Turkey's central bank takes new steps as part of 'liraization strategy'

Turkey's central bank have taken new steps to boost lira deposits, raising the securities maintenance ratio required for foreign exchange (forex) deposits to 5% from 3% of deposits.


Turkey's central bank took fresh steps on Oct. 18 to boost lira deposits, raising the ratio of bonds that banks must hold for foreign exchange deposits and requiring those with less than 50% lira deposits to hold even more bonds from 2023.

The central bank raised the securities maintenance ratio required for foreign exchange (forex) deposits to 5% from 3% of deposits as of this month, and said further steps would be taken this year and next as part of its "liraization strategy".

In 2023, lenders with less than half of deposits in lira will need to hold an additional seven percentage points of bonds, marking the latest regulatory change meant to backstop an unorthodox policy of interest rate cuts amid soaring inflation.

Yields on the treasury's 10-year benchmark bond fell to 11.32% in response, from 13.12% on Monday. The lira was little changed at 18.5890 against the dollar.

"The 7 percentage points of additional bonds requirement is high, so it appears the central bank wants ... banks to have at least 50% and if possible 60% of deposits in lira next year," said a forex dealer at one bank.

Bankers told Reuters the new rules would require lenders to hold an additional 80-100 billion lira ($4.3-5.4 billion) of bonds.

The bankers, requesting anonymity, also said individuals' lira deposits were now 46% of total deposits, while commercial entities lira deposits were 47%.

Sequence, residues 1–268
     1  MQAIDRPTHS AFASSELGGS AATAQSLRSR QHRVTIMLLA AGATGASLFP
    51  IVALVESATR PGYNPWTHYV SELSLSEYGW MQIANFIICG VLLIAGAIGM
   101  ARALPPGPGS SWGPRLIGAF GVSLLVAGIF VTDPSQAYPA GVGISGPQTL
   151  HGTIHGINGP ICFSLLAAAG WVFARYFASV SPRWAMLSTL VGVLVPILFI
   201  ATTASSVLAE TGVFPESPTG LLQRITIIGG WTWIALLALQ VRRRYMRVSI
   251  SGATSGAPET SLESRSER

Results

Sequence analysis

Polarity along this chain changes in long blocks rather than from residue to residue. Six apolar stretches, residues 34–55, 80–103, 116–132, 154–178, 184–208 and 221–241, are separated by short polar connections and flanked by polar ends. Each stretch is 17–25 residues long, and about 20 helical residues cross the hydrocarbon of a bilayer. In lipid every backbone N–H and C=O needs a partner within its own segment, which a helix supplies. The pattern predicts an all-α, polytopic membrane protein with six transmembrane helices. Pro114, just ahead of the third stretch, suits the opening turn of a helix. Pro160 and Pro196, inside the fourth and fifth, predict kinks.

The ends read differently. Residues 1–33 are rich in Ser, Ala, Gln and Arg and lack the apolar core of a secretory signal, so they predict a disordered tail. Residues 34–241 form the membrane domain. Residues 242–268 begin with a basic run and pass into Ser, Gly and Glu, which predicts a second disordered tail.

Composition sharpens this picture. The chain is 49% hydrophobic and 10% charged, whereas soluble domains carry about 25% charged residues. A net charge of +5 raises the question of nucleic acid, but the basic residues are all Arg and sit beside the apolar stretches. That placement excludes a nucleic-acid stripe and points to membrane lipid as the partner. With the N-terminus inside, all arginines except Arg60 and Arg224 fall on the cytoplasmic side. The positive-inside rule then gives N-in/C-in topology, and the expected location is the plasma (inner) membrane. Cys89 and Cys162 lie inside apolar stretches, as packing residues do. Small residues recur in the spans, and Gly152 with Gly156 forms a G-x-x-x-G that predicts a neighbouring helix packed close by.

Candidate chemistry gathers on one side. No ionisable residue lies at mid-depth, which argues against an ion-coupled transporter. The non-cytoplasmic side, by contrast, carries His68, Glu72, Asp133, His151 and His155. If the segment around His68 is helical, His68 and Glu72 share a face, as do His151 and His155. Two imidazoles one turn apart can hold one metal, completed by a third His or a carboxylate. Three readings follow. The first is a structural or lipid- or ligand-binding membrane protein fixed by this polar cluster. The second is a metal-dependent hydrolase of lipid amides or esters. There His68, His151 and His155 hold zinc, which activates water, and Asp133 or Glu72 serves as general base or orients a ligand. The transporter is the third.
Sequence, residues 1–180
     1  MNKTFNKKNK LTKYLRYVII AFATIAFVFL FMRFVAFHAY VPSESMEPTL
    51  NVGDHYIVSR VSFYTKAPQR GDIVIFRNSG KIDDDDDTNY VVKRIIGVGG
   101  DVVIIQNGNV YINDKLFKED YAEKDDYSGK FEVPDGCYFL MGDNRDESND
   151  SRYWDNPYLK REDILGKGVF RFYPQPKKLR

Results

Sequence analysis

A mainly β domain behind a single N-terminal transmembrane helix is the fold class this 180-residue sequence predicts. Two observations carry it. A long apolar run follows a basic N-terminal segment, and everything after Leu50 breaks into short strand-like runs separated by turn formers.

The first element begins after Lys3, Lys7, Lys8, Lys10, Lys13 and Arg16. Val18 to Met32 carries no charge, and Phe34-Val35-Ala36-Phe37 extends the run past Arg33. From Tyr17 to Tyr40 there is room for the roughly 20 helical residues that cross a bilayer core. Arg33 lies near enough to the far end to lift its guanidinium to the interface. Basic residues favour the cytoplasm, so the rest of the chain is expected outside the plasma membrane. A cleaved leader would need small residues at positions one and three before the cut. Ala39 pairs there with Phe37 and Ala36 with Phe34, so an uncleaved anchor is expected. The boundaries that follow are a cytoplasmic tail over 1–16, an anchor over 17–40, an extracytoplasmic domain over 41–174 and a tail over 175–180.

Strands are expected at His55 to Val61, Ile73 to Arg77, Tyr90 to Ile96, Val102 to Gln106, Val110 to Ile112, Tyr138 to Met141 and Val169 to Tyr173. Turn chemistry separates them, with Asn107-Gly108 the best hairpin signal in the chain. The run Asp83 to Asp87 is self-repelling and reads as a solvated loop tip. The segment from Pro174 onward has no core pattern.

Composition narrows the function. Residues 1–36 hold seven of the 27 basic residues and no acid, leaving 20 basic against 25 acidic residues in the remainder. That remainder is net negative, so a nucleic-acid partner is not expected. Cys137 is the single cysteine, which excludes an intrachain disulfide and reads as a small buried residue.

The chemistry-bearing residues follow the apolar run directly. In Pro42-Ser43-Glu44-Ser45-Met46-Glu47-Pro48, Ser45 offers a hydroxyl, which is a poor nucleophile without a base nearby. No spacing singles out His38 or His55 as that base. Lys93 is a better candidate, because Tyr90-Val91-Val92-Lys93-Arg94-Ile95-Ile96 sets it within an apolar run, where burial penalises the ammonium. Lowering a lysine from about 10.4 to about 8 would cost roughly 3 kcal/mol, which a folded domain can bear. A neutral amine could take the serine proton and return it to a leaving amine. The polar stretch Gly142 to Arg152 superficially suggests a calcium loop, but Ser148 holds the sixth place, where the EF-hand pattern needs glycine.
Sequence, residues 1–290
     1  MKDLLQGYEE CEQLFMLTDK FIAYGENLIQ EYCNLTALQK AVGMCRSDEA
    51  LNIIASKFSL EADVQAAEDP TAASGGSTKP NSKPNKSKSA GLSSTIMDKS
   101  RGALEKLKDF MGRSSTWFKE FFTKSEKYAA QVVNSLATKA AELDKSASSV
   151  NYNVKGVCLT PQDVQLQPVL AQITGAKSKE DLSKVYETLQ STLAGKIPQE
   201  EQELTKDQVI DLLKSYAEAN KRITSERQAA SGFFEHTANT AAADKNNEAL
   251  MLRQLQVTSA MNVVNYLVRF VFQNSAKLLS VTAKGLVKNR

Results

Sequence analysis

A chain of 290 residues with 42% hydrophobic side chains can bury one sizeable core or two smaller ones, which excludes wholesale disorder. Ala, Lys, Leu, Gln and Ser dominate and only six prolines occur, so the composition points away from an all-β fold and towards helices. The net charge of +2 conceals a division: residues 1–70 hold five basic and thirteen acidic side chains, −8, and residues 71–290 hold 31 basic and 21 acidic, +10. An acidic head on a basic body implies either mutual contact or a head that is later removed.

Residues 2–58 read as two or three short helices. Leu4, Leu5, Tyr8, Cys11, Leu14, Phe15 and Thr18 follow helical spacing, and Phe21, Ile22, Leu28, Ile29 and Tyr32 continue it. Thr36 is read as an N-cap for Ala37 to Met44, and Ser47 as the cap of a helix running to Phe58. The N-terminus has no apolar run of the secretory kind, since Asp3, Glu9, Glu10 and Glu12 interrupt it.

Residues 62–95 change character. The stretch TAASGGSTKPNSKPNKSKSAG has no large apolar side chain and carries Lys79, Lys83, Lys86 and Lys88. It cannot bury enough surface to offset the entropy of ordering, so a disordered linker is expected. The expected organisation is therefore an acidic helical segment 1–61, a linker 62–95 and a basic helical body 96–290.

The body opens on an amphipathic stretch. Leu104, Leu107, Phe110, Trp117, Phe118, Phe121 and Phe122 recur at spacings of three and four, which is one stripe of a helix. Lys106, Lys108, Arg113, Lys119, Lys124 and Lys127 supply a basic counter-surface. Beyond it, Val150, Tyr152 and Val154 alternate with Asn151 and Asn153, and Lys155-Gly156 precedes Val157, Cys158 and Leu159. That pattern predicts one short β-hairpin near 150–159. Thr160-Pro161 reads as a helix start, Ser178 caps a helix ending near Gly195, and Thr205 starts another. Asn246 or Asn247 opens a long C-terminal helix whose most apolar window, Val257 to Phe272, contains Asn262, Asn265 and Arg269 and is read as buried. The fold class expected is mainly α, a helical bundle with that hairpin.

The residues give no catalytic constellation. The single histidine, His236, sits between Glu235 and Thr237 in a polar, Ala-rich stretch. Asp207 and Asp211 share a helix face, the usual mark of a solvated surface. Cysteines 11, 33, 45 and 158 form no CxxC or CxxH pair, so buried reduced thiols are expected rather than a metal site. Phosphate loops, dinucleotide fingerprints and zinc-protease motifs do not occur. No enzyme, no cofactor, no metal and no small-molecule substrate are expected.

Also from 2023, banks whose lira deposits are between 50-60% of the total must hold an additional two percentage points of bonds beyond the 5% set for this year, the central bank said.

Turks have snapped up dollars in recent years to hedge against one of the deepest currency depreciations in emerging markets, due largely to monetary policy easing and high inflation.

The lira shed 44% versus the dollar last year and has fallen another 29% this year. Inflation was 83% last month.

The central bank has urged forex conversions with a series of rules beginning in December 2021, when a historic currency crisis hit, after which lira deposits rose.

"The practice has strengthened banks' balance sheets and supported financial stability," the central bank said.

By the beginning of 2023 the level of securities banks must hold will be based on lira-deposit share targets.

Previously, the central bank required banks to hold an additional 7% of securities if they had a conversion rate from forex to lira of less than 5% of their deposits.

BDDK regulator data shows individuals' forex deposits amounted to 2.69 trillion lira ($144.74 billion) as of Oct. 7, while lira deposits totalled 2.02 billion lira.

In the same period, forex deposits of commercial entities were 1.61 trillion lira while lira deposits were 1.27 trillion lira.

The central bank is expected to cut its policy rate again this week, by 100 basis points to 11%, a Reuters poll shows, after President Recep Tayyip Erdoğan called for more easing each month and said rates should be single digits by year-end.